New York City’s Chinatown, the largest Chinatown in the United States—and the site of the largest concentration of Chinese in the western hemisphere— is located on the lower east side of Manhattan. Its two square miles has today population estimated between 70,000 and 150,000.
Chinese traders and sailors began trickling into the USA in the mid eighteenth century. Chinese arrived in significant numbers during the gold rush of the 1840s and 1850s. Unlike many ethnic ghettos of immigrants, Chinatown was largely self-supporting, with an internal structure of governing associations and businesses which supplied jobs, economic aid, social services, and protection. Chinatown continued to grow through the end of the nineteenth century, providing contacts and living arrangements — often 5-15 people in a two room apartment subdivided into segments.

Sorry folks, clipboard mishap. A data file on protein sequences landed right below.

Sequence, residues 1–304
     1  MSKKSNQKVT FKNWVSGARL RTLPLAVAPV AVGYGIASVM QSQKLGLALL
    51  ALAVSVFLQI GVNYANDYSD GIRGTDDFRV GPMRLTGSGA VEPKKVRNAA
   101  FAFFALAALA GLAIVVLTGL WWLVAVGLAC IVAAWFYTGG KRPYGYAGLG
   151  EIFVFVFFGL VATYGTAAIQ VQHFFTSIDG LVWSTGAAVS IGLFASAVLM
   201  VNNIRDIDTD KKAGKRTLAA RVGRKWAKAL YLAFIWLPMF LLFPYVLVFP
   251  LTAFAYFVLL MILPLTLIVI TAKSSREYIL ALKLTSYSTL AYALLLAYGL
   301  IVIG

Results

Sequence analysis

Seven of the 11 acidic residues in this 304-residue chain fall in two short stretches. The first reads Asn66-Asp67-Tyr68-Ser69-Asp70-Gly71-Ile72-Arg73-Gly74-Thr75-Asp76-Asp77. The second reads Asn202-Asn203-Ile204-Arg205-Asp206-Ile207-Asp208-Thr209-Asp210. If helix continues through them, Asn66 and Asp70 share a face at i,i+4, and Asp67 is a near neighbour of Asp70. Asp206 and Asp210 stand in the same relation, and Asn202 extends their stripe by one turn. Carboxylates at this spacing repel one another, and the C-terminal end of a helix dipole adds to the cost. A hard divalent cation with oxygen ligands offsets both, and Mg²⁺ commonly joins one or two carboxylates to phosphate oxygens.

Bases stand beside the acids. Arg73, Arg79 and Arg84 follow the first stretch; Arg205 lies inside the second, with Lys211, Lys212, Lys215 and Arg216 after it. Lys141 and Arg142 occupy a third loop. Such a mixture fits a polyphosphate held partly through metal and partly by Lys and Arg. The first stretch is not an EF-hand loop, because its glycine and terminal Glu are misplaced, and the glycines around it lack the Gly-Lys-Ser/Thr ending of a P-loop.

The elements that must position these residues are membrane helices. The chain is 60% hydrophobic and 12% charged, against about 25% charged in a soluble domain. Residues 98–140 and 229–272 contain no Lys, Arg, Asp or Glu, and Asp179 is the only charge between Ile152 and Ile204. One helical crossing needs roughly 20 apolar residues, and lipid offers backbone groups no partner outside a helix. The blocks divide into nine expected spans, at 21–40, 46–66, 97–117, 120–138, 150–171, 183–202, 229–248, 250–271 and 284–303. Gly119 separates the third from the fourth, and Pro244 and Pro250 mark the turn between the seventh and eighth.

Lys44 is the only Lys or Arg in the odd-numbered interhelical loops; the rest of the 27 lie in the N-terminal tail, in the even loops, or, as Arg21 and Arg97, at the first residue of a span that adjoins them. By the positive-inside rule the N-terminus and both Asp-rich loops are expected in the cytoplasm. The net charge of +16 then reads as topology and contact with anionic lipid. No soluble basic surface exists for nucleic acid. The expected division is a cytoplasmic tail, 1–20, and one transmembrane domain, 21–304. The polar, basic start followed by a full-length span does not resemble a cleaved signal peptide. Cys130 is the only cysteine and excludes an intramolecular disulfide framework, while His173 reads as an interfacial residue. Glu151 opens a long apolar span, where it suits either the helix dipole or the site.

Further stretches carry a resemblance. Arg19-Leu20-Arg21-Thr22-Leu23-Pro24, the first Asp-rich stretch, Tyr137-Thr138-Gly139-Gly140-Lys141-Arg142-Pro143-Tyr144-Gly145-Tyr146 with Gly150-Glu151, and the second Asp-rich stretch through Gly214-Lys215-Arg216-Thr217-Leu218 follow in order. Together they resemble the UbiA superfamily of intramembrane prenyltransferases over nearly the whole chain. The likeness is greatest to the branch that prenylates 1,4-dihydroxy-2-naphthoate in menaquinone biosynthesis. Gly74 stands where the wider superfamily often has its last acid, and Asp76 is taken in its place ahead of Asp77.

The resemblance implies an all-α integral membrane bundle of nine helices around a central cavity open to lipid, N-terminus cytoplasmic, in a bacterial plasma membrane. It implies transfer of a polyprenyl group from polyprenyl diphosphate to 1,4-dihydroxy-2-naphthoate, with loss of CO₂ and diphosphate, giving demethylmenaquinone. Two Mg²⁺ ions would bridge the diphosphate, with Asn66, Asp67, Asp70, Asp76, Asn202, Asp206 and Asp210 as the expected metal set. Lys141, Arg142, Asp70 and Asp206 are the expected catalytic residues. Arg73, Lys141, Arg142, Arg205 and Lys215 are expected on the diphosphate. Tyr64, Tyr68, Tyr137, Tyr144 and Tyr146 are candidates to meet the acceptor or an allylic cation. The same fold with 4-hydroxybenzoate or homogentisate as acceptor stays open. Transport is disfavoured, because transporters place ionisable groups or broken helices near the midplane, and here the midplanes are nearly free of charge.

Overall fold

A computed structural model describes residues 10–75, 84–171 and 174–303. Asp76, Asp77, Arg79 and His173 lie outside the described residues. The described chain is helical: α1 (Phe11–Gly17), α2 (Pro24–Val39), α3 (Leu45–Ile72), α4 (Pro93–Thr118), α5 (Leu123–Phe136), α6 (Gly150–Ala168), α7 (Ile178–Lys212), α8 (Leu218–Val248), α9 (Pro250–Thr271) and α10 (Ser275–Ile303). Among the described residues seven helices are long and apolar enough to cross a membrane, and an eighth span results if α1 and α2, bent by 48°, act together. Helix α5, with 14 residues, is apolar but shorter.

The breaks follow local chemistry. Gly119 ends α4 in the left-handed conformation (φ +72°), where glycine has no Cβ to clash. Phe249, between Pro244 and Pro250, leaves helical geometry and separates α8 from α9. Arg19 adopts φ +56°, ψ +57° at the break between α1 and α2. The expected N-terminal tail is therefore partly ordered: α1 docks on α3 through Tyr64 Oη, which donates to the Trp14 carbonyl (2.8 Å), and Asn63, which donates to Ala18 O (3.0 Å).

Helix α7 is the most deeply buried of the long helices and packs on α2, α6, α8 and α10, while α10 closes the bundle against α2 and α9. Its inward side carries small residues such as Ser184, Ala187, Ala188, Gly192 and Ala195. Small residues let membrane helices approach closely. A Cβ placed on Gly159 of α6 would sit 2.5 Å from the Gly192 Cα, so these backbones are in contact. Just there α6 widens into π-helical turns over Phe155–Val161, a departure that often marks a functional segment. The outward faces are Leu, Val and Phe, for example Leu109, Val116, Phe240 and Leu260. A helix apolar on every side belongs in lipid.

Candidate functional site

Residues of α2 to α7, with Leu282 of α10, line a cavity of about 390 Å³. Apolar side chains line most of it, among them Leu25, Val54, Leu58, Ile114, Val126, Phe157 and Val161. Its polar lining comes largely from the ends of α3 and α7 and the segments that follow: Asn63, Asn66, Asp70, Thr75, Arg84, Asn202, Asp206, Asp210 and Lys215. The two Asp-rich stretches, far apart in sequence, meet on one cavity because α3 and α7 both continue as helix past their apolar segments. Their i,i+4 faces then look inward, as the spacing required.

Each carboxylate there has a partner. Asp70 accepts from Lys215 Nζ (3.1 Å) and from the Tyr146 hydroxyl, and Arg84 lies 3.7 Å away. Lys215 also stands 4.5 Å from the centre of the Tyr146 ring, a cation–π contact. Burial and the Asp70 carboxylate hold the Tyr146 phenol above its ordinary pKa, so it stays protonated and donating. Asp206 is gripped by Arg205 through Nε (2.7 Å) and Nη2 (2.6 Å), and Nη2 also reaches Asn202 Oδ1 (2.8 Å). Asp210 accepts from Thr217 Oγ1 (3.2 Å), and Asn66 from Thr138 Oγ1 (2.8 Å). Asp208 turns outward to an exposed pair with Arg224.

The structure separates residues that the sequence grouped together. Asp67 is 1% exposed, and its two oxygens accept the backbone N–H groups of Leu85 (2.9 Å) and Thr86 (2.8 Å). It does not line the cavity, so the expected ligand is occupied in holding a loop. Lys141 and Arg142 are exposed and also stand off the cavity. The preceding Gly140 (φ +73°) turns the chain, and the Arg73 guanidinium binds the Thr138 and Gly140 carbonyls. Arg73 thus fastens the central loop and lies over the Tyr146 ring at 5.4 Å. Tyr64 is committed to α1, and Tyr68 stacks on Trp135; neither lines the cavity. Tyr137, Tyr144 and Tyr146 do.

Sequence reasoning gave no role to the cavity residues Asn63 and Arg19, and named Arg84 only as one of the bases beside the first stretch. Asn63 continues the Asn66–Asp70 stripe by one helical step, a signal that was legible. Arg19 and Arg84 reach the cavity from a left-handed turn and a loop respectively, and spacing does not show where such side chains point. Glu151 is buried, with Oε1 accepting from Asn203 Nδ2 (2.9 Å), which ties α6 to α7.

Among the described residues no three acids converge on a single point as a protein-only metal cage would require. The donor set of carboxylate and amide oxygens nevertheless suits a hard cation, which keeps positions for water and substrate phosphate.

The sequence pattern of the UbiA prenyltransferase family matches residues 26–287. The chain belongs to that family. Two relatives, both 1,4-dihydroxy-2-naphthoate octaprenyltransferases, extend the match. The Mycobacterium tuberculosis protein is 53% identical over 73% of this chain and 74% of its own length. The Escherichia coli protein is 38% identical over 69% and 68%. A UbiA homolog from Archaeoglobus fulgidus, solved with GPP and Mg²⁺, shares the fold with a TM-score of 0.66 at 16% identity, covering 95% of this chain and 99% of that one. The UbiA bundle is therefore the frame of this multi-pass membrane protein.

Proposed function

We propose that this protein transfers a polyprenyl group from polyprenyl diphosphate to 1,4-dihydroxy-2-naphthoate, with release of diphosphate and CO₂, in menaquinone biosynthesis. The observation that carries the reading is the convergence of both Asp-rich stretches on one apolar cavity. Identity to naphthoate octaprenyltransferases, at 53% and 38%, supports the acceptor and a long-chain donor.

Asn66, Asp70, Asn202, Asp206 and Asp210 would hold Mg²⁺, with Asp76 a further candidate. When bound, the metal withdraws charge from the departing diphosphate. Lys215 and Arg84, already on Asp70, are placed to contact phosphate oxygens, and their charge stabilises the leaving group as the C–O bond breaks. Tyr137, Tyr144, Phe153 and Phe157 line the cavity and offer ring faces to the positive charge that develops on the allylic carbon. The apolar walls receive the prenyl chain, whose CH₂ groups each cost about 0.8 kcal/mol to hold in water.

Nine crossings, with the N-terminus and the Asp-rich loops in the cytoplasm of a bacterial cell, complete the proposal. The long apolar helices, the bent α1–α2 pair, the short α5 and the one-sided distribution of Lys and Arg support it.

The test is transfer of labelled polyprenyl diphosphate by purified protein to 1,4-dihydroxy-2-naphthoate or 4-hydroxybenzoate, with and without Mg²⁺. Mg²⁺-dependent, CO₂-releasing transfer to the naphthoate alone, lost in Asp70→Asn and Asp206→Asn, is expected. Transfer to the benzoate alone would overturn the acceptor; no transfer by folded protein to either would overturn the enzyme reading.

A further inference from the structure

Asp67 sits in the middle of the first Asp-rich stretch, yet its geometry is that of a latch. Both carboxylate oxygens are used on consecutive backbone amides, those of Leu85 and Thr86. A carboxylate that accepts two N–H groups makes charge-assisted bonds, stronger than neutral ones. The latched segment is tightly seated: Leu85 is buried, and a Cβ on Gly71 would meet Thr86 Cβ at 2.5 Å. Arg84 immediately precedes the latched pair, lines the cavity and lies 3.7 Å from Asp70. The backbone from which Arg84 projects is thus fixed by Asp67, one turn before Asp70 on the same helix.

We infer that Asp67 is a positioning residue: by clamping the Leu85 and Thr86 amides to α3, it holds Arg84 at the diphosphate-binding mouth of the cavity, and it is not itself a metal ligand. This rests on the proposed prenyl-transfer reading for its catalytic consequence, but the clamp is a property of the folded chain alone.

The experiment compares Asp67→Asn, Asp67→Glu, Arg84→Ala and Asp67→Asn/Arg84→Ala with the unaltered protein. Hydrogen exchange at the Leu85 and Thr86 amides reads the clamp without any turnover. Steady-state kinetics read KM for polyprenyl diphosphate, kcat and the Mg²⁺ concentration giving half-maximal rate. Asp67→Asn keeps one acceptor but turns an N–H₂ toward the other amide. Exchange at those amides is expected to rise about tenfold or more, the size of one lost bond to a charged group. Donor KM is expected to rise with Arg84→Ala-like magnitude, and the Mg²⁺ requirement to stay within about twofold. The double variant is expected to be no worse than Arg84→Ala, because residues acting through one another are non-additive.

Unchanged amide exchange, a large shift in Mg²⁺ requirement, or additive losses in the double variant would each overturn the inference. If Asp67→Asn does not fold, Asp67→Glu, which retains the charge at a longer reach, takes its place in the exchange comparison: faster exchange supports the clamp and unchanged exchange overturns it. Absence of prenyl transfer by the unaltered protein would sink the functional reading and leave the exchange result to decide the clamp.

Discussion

The already imbalanced male-female ratio in Chinatown was radically worsened by the Chinese Exclusion Act of 1882, and in 1900 there were only 40-150 women for the upwards of 7,000 Chinese living in Manhattan. This led Chinatown to its role as the “Bachelor’s Society” with rumors of opium dens, prostitution and slave girls deepening the white antagonism toward the Chinese. In keeping with Chinese tradition — and in the face of sanctioned U.S. government and individual hostility — the Chinese of Chinatown formed their own associations and societies to protect their own interests. An underground economy allowed undocumented laborers to work illegally without leaving the few blocks they called home.